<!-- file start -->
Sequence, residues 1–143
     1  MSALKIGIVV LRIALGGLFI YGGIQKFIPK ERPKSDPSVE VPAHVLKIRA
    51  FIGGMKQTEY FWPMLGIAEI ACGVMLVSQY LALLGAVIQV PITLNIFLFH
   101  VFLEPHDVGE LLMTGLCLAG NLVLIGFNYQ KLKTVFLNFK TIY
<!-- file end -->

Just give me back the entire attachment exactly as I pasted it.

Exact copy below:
Sequence, residues 1–143
     1  MSALKIGIVV LRIALGGLFI YGGIQKFIPK ERPKSDPSVE VPAHVLKIRA
    51  FIGGMKQTEY FWPMLGIAEI ACGVMLVSQY LALLGAVIQV PITLNIFLFH
   101  VFLEPHDVGE LLMTGLCLAG NLVLIGFNYQ KLKTVFLNFK TIY